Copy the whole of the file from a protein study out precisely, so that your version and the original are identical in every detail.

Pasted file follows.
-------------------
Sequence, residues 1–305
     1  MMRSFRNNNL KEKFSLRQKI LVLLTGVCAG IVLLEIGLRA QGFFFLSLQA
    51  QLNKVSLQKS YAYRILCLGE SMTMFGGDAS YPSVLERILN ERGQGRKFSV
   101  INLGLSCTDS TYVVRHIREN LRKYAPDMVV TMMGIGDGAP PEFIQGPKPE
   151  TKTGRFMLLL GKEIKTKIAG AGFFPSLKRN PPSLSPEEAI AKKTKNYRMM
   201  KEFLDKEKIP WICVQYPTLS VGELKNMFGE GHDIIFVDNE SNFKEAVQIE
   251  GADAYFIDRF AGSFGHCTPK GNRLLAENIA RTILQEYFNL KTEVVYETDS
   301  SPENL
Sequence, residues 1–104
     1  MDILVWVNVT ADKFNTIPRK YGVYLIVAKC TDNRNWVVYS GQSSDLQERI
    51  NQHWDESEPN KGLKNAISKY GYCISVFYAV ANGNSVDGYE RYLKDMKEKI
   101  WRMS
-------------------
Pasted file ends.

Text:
Sequence, residues 1–305
     1  MMRSFRNNNL KEKFSLRQKI LVLLTGVCAG IVLLEIGLRA QGFFFLSLQA
    51  QLNKVSLQKS YAYRILCLGE SMTMFGGDAS YPSVLERILN ERGQGRKFSV
   101  INLGLSCTDS TYVVRHIREN LRKYAPDMVV TMMGIGDGAP PEFIQGPKPE
   151  TKTGRFMLLL GKEIKTKIAG AGFFPSLKRN PPSLSPEEAI AKKTKNYRMM
   201  KEFLDKEKIP WICVQYPTLS VGELKNMFGE GHDIIFVDNE SNFKEAVQIE
   251  GADAYFIDRF AGSFGHCTPK GNRLLAENIA RTILQEYFNL KTEVVYETDS
   301  SPENL
Sequence, residues 1–104
     1  MDILVWVNVT ADKFNTIPRK YGVYLIVAKC TDNRNWVVYS GQSSDLQERI
    51  NQHWDESEPN KGLKNAISKY GYCISVFYAV ANGNSVDGYE RYLKDMKEKI
   101  WRMS